As all are aware, many cultures bind together a sense of cultural identity across the generations. The experiences of a rite of passage might change from time to time, but for them to be effective there needs to be a recognisable similarity or pattern that helps us identify with a changing time in our lives.
Traditional indigenous cultures practice ceremonies at special times and during special seasons. In some parts of Australia, boys and girls experience ceremony separately. They are taken aside and taught new stories and dances, which mark in their minds as well as in their bodies that they have reached a new time of life. with this knowledge comes new responsibilities in the community.
It is inspiring to think that the rite of passage in traditional indigenous cultures involves knowledge as well as actions and ceremonies. One generation shares the deep stories of their existence with the younger generation, educating them their responsibilities within community and on Country.
In some parts of Australia, these powerful social truths are celebrated in ritual story telling, that recount the songs that connect one generation with another and one moiety group with another. The story of one group differs from another but carries a common thread that will link people together into strong bonds of belonging.
In this penultimate week of the academic year, we are witnessing contemporary versions of this rite of passage. They are also expressed in a Barker Way.
The adverse fire conditions resulted in the cancellation of the annual Year 9 Camp at Myall Lakes but the annual Year 9 Play was a brilliant expose of their skills and talented passions and was a triumph once more. The Year 10 Camp and SEAL Week experience has been able to function normally. I've heard some wonderful stories of adventure, fun, service and learning. Today I received a phone call from a grateful resident in Jindabyne who was eager to share her enthusiastic thanks for the efforts of our Year 10s these past two weeks who helped her with a wide range of domestic tasks.
The Junior School has enjoyed their end of year sports day and other events that mark their connection to each other and to their class group. One such moment admirably meets the criteria of a “rite of passage”.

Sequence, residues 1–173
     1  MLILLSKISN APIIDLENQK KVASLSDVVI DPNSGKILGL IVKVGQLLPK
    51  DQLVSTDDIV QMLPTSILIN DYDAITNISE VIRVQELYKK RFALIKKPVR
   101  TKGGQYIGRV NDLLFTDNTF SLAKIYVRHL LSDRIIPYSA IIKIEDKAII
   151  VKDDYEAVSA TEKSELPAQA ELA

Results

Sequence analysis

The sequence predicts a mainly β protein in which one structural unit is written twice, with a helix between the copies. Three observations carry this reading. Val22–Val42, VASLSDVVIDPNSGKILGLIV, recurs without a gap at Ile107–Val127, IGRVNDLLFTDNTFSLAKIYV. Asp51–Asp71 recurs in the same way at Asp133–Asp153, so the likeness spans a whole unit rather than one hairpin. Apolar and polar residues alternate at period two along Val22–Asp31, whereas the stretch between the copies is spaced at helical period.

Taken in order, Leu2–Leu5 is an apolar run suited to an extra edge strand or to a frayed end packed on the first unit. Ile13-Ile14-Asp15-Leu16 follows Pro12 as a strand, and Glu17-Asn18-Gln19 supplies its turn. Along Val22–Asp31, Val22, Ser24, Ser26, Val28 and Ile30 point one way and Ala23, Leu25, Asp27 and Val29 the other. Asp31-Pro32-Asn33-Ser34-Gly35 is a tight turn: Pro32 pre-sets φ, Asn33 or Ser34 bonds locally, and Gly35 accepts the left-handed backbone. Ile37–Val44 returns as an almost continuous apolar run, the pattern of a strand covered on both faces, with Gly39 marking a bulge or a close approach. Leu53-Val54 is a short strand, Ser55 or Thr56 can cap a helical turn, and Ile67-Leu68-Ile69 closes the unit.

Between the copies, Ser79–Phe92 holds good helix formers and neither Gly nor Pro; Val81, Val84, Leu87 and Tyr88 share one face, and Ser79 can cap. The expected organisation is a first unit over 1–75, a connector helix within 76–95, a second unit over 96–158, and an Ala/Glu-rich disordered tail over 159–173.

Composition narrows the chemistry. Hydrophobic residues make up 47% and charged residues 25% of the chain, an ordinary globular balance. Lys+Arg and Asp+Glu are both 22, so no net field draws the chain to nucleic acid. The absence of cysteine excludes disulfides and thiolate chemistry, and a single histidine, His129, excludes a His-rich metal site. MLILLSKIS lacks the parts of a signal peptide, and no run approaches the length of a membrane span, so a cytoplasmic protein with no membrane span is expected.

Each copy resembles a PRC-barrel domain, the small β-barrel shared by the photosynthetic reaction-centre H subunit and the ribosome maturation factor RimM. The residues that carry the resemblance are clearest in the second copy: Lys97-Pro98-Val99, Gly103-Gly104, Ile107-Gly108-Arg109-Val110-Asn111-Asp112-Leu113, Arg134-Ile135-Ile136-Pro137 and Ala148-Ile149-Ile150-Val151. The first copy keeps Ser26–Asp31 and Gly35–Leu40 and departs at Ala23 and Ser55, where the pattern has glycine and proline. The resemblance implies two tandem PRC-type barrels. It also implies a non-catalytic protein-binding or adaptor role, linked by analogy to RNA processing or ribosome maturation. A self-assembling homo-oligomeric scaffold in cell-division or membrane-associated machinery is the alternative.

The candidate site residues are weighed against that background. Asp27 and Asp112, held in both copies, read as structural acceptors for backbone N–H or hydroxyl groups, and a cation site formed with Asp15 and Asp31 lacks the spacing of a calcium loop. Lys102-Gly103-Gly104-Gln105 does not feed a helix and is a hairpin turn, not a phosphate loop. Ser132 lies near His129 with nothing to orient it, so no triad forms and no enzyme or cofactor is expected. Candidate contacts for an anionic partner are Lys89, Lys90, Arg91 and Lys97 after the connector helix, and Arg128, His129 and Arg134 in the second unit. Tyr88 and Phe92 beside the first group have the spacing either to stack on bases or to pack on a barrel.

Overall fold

The Year 6 Graduation is one of the highlights of the year and celebrates the achievements of every student. What makes the Barker Year 6 Graduation a special moment is the customary ritual at the end of the ceremony. The entire Junior School, from Pre K to Year 5 joins their teachers, support staff and the parents and grandparents of Year 6 to form a guard of honour that stretches from the Junior School Flag Pole along Chapel Drive to the top of the hill and into the Chapel itself for their final worship service. Each Year 6 student is cheered on their way as their journey takes them up the Hill and into the future. With shining faces of delight and fulfilment, their brisk walk almost breaks into a run as they walk together into the Middle Years.
Rites of Passage require ritual, but these rituals convey little if they are immersed in the meaning invested by a shared community. The rejoicing of others was as important to the Year 6s as their own accomplishments - well, almost. The love of parents and grandparents, the honour of their peers, the repeating actions of generations who have made the same walk, the prayerful thanksgiving for the efforts made to support their growth, the passing of symbols from one generation of students to the next, the praise of teachers, the awarding of a certificate, the singing of familiar songs in Chapel and the surge up the Hill into the future - all of these things and many more are our rites of passage.
Another is our annual Celebration. Please come along next week and witness the countless achievements of our Barker students. I would love the whole community to join us.